TIM ROACH, PLANNED PARENTHOOD AND TAKING THE LORD'S WORDS SERIOUS...

Hi everyone, this is my homily for the SECOND SUNDAY OF LENT - March 20, 2011.  The readings can be found at http://www.usccb.org/nab/032011.shtml.  Thanks as always for reading and your feedback!    Fr Jim


FOR MORE INFORMATION ON NEWMAN CATHOLIC AT MONTCLAIR STATE UNIVERSITY - Check out: www.MSUNEWMAN.com
Tim Roach and his family

HOMILY
    When we take the Lord’s words seriously, it can become really scary.

    A man by the name of Tim Roach recently was in the news. Tim a devout Catholic, husband and father of two, is an electrician and has been unemployed since June of 2009. So here it is, a year and 8 months later.  His benefits are set to expire when he gets a phone call from his company offering him a job. He would be the foreman on a new building with a salary of $65 - $70,000 a year... The building would take at least 11 months to construct, offering him some stability that would be a welcome change from these 20 months.  It sounded perfect - almost like the answer to a prayer he and his family had been praying.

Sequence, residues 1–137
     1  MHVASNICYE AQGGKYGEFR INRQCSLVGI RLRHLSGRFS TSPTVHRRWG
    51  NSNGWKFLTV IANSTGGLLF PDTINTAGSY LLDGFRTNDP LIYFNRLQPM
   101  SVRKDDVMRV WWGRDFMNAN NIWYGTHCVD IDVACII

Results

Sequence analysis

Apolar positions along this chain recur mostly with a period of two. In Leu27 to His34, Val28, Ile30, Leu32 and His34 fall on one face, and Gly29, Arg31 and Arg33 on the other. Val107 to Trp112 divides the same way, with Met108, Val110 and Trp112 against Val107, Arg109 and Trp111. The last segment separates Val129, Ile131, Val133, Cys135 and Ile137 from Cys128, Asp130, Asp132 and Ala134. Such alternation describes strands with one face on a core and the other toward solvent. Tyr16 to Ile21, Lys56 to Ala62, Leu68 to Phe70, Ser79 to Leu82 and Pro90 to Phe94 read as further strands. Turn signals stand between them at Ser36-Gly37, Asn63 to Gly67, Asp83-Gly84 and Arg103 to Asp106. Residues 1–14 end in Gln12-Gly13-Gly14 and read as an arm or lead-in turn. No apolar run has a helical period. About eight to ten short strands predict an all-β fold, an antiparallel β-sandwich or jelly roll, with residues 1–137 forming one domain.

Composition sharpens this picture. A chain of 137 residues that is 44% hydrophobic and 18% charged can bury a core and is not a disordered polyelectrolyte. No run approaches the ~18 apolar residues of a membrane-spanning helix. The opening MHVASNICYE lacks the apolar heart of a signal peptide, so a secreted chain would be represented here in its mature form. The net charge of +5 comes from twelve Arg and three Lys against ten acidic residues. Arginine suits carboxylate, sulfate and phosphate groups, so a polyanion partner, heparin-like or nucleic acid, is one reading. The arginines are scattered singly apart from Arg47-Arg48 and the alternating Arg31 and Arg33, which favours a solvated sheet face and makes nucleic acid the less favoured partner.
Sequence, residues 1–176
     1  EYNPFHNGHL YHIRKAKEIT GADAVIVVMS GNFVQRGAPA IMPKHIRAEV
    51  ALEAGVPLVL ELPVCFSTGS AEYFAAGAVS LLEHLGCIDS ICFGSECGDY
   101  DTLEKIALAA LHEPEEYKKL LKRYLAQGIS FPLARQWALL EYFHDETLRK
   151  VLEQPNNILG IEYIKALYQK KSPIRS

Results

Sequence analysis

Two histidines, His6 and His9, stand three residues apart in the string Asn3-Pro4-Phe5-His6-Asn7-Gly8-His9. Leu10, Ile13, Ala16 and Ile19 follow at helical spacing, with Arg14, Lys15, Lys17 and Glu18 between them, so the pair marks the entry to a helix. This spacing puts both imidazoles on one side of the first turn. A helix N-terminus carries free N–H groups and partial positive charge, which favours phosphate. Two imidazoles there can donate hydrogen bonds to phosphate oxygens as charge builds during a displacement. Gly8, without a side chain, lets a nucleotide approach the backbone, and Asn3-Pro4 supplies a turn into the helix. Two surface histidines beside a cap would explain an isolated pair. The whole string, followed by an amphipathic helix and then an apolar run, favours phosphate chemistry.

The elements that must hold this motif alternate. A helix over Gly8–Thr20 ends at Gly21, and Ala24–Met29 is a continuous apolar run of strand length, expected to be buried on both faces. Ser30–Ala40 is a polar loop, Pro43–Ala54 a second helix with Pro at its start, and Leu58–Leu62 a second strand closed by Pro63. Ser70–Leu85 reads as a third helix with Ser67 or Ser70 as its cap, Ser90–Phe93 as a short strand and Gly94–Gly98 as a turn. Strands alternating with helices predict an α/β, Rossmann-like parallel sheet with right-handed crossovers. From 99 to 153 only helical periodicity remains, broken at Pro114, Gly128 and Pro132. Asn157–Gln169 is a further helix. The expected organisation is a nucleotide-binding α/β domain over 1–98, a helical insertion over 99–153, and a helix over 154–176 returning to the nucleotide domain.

Oh, but there was one thing about this job offer. The building was a new Planned Parenthood clinic. Now what is the 38 year old man - who as a devout Catholic, who is pro-life and knows that Planned Parenthood is the nation's largest provider of abortions in the United States going to do?

    When we take the Lord’s words seriously, it can become really scary.

    That’s as true today as it is for the apostles in today’s Gospel.